Illustration aus: Das hohe Lied, farbige Orig....
Illustration aus: Das hohe Lied, farbige Orig.-Lithographien von Lovis Corinth, Berlin, Cassirer, 1911 (Pan-Presse) (Photo credit: Wikipedia)

Keel sees Song 1.2–3 pulling from a Ugaritic myth, one of Shachar and Shalim, where the god El bends over two women:

He stooped (and) kissed their lips;
behold! their lips were sweet,
sweet as pomegranate.
In the kissing (there was) conception,
in the embracing (there was) pregnancy.

Bede: But if the breasts of Christ, that is, the source of the Lord’s revelation, are better than the wine of the law, how much more will the wine of Christ, that is, the perfection of evangelical doctrine, surpass all the ceremonies of the law? If the sacraments of his incarnation vivify, how much more will the knowledge and vision of his divinity glorify? COMMENTARY ON THE SONG OF SONGS 1.1.1.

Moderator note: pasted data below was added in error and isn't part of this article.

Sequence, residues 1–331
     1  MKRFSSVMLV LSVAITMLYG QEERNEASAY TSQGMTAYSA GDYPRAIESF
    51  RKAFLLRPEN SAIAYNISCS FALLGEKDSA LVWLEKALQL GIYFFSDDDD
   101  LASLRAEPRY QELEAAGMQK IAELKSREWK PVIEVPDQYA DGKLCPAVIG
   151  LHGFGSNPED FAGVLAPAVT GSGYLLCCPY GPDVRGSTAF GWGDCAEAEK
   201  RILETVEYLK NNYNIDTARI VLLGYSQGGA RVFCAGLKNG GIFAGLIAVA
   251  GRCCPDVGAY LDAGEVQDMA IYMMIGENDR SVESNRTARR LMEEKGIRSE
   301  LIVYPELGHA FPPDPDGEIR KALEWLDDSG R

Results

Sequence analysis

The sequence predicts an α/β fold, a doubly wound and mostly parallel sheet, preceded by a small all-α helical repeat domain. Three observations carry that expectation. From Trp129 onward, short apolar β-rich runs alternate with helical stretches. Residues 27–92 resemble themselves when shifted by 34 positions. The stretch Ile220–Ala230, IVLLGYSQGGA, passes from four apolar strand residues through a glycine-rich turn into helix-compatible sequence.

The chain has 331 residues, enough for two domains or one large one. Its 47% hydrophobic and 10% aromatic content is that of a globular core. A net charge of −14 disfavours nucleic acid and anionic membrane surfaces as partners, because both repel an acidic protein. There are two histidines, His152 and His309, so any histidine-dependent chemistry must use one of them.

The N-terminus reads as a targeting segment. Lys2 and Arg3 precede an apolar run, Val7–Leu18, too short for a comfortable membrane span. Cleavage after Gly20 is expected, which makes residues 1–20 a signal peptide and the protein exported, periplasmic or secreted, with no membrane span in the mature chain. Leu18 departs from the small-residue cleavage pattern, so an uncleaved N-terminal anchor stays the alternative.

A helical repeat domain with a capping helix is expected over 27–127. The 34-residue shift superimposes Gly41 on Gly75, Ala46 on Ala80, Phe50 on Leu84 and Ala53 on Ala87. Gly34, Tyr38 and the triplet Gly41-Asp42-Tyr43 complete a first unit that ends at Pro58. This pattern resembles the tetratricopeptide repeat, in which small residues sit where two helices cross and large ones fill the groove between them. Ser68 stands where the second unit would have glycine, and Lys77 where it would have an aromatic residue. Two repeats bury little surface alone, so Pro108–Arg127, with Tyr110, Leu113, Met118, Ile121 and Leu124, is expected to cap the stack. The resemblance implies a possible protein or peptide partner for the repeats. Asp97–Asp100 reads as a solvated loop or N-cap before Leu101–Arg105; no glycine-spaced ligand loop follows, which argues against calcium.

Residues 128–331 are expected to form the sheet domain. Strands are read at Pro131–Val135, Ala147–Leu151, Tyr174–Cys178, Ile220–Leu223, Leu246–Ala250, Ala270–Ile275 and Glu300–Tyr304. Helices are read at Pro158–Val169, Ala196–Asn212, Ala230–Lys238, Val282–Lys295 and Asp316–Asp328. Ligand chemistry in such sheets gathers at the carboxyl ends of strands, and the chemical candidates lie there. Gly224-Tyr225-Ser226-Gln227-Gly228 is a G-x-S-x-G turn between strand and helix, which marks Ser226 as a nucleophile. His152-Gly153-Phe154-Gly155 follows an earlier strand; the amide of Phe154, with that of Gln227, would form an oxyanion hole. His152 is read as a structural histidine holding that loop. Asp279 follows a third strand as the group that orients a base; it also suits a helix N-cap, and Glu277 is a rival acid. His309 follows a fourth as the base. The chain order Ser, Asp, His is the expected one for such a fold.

Isn’t it odd that it was easier for them to see this as an allegory that led to further allegorizing a God or Jesus with breasts (El Shaddai, anyone?) than it is to acknowledge the plain sense meaning that the woman in question was doing wild and crazy things to the man’s thoughts?